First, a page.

Boston's stories of justice, hope and resilience

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Boston's stories of justice, hope and resilience

The Scope

Boston's stories of justice, hope and resilience

The Scope

Boston City Council probes maternal health disparities

City councilors are considering expanding doula services in Boston as a way to close health disparity gaps for black mothers, and experts say it could be an achievable way for the city to make a significant public health impact.

At a public hearing on Oct. 25, the Boston City Council Committee for Healthy Women, Families and Communities discussed solutions to maternal health care inequality among black women in Boston.

“There is a lot more that we need to do … to make sure that we are pinpointing and targeting certain populations,” said Councilor Kim Janey. “To make sure we are doing more for them and providing the services that they actually need, recognizing the intersection of womanhood and blackness.”

The most recent Health of Boston report shows that in the neighborhoods of Roxbury, Dorchester, Hyde Park and Mattapan, the black infant mortality rate is 10.3 deaths per every 1,000 births compared to the statewide average of 3.7 deaths. Black mothers in Boston also have the least access to prenatal care, but have the most preterm births, and are three times more likely to suffer from postpartum depression than their white counterparts.

Experts who testified at the hearing recommended expanding doula care as a way to close the disparity gaps. Although their services are not considered medical care, doulas provide pregnant women with emotional, physical and educational support and can act as advocates and as witnesses to discrimination.

“What doulas do is just introduce more autonomy into the birth experience,” said Christina Gebel, a birth doula who works with Accompany Doula Care in Boston. “You are choosing someone from your community who understands you culturally, who shares your same race, languages, dialects within those languages.”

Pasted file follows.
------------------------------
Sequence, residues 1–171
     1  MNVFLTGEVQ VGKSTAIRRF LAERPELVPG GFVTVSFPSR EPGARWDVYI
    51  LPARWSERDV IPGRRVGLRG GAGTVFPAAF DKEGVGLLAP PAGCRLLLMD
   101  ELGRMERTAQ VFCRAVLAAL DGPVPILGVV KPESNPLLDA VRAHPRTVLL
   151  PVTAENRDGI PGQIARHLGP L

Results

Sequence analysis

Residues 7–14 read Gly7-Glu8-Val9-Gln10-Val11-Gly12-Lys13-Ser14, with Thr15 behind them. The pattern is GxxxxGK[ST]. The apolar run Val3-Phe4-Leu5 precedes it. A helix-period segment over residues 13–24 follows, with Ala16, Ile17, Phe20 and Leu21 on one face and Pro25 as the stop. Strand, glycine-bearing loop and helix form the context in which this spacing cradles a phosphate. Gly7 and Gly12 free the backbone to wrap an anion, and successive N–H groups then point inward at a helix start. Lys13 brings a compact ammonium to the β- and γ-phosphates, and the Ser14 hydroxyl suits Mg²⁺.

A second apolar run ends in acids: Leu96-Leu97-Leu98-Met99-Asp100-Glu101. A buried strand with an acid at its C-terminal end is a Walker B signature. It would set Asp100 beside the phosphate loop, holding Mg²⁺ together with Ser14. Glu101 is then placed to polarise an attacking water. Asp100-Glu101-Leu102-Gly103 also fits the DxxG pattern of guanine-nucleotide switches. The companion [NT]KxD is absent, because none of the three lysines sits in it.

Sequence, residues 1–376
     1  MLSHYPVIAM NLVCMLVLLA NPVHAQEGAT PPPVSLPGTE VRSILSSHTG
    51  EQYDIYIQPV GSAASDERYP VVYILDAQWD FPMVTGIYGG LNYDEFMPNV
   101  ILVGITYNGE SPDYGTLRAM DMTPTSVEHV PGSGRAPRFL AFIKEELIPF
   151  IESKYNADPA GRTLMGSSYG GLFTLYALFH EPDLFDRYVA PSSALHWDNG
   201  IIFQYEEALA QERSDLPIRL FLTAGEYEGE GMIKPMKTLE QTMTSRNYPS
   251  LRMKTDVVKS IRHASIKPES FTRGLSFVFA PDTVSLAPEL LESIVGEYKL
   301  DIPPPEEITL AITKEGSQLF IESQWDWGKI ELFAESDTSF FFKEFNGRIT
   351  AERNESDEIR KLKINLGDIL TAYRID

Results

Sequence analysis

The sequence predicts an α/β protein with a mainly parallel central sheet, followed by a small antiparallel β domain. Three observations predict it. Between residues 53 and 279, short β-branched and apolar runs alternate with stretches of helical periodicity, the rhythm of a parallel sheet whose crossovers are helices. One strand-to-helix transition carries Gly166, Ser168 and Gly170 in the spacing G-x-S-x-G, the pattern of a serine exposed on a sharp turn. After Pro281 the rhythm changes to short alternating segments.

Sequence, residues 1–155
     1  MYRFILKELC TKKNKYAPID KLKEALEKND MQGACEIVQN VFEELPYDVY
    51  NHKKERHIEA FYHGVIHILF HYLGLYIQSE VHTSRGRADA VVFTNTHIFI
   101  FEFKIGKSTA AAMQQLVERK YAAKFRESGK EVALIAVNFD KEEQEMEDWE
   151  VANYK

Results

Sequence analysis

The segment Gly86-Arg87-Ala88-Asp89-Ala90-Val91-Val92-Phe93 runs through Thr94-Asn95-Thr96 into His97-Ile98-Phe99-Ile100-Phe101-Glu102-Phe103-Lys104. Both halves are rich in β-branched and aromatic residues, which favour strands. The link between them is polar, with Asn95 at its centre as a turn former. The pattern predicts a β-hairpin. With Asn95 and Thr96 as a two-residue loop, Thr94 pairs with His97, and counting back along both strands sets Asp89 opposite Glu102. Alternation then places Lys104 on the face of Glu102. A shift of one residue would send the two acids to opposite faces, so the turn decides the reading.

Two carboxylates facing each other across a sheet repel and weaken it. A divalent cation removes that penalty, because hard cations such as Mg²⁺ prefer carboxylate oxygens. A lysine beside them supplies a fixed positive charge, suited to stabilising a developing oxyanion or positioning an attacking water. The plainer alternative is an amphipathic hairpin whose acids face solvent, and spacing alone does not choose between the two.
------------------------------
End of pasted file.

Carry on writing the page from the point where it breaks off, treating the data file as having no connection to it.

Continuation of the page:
A 2016 study reports that access to doula services improves birth outcomes for racially diverse, low-income women, and increasing their feelings of agency, knowledge and connectedness.

“I would like to see a doula for every mom who delivers in Boston,” said Gebel. “And I would really like to see those doulas come from the community.”

A nationwide survey in 2018 showed that 39 percent of black women who did not use a doula said they wished they had doula care. Medicaid beneficiaries were half as likely as privately insured women to know about doula services, which are not typically covered by health insurance.

“This difference across races is significant,” said Rep. Liz Miranda, who is working to make doulas more accessible in Massachusetts. “Women of color are at the most risk of poor outcomes, yet have the least access to doula care, and this must change.”

Miranda is the sponsor of a bill in the Massachusetts House of Representatives that seeks to have doula care covered by MassHealth. It would also establish a statewide registry of certified doulas who have been vetted and approved by the government.

Dr. Robin Reed, an assistant professor at Tufts University, called the doula solution “low-hanging fruit,” explaining that of all the solutions for improving maternal health outcomes, it’s a fairly easy one. 

“If [a doula service] were available to all, it could provide more comfort, trust and communication where people may feel inhibited speaking out themselves,” Reed told the committee. “The doula can help with that.”

The city council committee plans to refile legislation at the beginning of the next session in January that will allow members to revisit the issue in a working session.

“There’s a lot more as elected officials that we can do in the city of Boston that will help us address the implicit bias and the explicit bias,” Janey said, “and also arm black women with the tools that they need to ensure that they get the health care that they deserve.”


This article was published in The Bay State Banner.

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